International exposure ‘a bit player’ in Australian finances

Australian universities’ 2020 financial fortunes were little influenced by their dependence on overseas students

September 28, 2021
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Reliance on overseas students played only a minor role in Australian universities’ financial fortunes during the turbulent first year of the pandemic, a new study has confirmed.

An analysis of 37 publicly funded universities’ 2020 accounts has found that the institutions which ended the year in best shape had only modest exposure to international education revenue. But so did most of those that sustained the biggest losses.

The Melbourne Centre for the Study of Higher Education study shows that institutions with overseas student earnings of about A$1 billion (£532 million) suffered only modest financial reversals, in both proportional and absolute terms. “Group of Eight universities appear to be ‘in the pack’ rather than out in front in terms of financial impact,” says the report, by Frank Larkins and Ian Marshman.

“Of those universities which appear to have experienced the greatest decline…only a limited number are [particularly] exposed to the international student market. Other factors such as institutional strategy, leadership and nimbleness in risk management all made a significant contribution to…financial well-being.”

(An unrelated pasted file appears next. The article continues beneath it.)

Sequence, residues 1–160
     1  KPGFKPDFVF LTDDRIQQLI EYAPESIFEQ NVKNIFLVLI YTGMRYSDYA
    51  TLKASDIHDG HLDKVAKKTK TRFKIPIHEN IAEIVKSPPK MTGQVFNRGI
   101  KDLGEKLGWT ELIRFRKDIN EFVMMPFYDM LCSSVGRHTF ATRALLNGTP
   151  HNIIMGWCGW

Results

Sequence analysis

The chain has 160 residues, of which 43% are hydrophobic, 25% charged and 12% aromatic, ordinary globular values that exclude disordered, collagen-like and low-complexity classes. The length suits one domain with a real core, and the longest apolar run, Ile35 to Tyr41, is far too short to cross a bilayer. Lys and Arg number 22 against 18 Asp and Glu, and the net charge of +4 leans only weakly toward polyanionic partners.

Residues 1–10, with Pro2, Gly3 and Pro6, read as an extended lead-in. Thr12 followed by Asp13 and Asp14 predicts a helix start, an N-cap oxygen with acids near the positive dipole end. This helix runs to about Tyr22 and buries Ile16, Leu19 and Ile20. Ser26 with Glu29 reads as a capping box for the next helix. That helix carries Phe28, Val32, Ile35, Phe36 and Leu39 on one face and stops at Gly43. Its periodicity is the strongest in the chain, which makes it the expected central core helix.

But international education losses may come to the fore as lockdowns and border closures continue, the report warns, as the “financial challenges” escalate this year.

“Incomes from student fees and charges are expected to be lower and staff termination costs higher for many universities in 2021, [which] is now likely to be the proving ground for the strategies and pandemic responses each university has adopted – whether explicitly or implicitly – in the first year of the pandemic.”

The report says that lost income due to the pandemic proved much lower than most analysts – including the authors themselves – had predicted, with universities reaping A$1.8 billion less than in 2019. The sector collectively spent just A$100 million or 0.3 per cent less than in the previous year, with 19 of the 37 universities increasing their outlays.

Fourteen universities registered deficits in 2020, up from just three in 2019. But 23 institutions still managed to record surpluses, with eight improving on their 2019 results.

The analysis offers some hope that the unexpectedly buoyant 2020 results could be repeated in 2021, with rising redundancy costs and plunging fee revenue likely to be “partly counterbalanced” by a recovery in investment income.

State by state, South Australia weathered the first year of the crisis most successfully. Its public universities collectively increased their income by 0.3 per cent and all three institutions notched modest surpluses.

But Western Australian universities’ 7 per cent decline in earnings – the highest of any state – was “anomalous”, given the “relatively limited exposure to the international student market and little direct impact of the pandemic”.

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